A Houston, Texas, man was sentenced on Friday to 20 years in prison for trying to meet a 13-year-old girl for sex. Joshua Andrew Jones, 36, had pleaded guilty to Online Solicitation of a Minor and Montgomery County District Court Judge Phil Grant imposed the maximum sentence after a sentencing hearing.
In April of 2017, Detective Jerry Serratt with the Montgomery County Precinct 1 Constable’s Office was monitoring the social media application Kik, which is sometimes used by sexual predators to target children. In a Kik group aimed at teenagers, Det. Serratt saw the Defendant claiming to be an 18-year-old, even though his profile picture was obviously of a man in his thirties. Serratt, posing as a 13-year-old girl, engaged the Defendant in an online conversation. The Defendant quickly turned the conversation sexual and asked to meet the girl. The Defendant came to an agreed meeting place and was taken into custody. Officers found 4 cell phones, cocaine and methamphetamine in the Defendant’s possession at the time of his arrest.
As part of the investigation, Nikki Neeley, a specially trained investigator with the Montgomery County Internet Crimes Against Children Task Force extracted information from the Defendant’s phone. At sentencing, prosecutors introduced evidence from the cell phone indicating the Defendant had talked to other underage children on Kik. The phone also contained an image of bestiality and child pornography. The Defendant’s internet history showed that he had accessed multiple videos with names including “young” and “rape.” Officers also found messages on the phone showing the Defendant dealing drugs and soliciting prostitutes.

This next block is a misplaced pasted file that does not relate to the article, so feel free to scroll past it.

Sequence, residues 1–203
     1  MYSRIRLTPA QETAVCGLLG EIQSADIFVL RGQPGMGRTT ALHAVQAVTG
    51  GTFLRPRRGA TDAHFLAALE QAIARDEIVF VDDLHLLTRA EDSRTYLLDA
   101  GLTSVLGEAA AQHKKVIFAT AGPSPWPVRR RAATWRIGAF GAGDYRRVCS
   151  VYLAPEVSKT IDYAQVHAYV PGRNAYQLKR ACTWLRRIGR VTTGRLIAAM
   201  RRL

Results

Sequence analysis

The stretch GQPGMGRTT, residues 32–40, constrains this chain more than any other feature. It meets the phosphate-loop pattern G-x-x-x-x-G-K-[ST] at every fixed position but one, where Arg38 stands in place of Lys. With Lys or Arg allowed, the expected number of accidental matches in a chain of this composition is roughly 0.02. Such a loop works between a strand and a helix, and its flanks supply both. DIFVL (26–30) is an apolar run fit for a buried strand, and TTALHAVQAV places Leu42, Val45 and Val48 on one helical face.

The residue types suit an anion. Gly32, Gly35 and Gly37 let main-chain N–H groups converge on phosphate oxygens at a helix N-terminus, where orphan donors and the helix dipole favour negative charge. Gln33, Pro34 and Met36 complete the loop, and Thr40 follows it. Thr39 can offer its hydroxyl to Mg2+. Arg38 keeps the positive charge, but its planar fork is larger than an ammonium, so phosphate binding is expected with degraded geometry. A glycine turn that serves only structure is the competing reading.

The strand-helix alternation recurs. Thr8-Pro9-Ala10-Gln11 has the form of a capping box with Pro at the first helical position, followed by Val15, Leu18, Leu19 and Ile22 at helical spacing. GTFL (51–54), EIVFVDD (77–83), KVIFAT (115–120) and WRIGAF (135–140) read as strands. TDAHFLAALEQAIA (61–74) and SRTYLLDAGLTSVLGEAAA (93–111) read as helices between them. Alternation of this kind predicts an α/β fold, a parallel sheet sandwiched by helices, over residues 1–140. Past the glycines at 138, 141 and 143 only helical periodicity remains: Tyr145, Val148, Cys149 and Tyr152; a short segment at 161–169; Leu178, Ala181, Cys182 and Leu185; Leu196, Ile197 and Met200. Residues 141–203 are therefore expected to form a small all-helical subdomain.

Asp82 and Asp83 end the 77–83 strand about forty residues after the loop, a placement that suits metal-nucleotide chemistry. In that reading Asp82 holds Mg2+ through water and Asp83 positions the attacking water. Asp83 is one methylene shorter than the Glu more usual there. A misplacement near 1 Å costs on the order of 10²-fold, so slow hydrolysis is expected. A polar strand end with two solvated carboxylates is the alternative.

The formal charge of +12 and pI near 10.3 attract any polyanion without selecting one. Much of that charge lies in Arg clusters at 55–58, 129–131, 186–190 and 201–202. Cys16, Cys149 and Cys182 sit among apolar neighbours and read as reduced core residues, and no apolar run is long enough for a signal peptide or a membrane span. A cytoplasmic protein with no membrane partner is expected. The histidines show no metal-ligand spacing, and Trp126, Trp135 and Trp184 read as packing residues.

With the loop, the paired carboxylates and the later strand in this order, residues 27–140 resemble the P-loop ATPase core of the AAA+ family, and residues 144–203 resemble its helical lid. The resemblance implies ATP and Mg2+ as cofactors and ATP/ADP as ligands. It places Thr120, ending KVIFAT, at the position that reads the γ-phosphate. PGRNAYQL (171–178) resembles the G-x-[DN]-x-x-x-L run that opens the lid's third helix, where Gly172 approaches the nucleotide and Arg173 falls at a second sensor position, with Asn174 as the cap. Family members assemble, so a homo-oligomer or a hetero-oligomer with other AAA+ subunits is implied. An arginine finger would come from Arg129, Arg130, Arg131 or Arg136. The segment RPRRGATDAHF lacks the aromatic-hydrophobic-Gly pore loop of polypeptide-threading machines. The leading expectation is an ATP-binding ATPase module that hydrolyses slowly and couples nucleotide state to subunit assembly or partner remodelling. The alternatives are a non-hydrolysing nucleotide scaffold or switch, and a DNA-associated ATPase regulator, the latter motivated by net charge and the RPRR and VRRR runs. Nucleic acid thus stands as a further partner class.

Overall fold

While out on bond pending trial, the Defendant was arrested in Harris County and charged with possession of a controlled substance, a third-degree felony. After that, the online solicitation case was set for trial in April, but the Defendant failed to appear for his trial and was a fugitive for more than a month.
The case was prosecuted by Montgomery County Assistant District Attorney Chris Seufert. Seufert said, “This case is another example of how important it is to have specially trained law enforcement officers working to make the internet safer for kids. I hate to think what might have happened if Detective Serratt wasn’t there to catch the Defendant before he could get his hands on a child.”
Under Texas law, the Defendant must serve 25% of his sentence before he is eligible to be released on parole.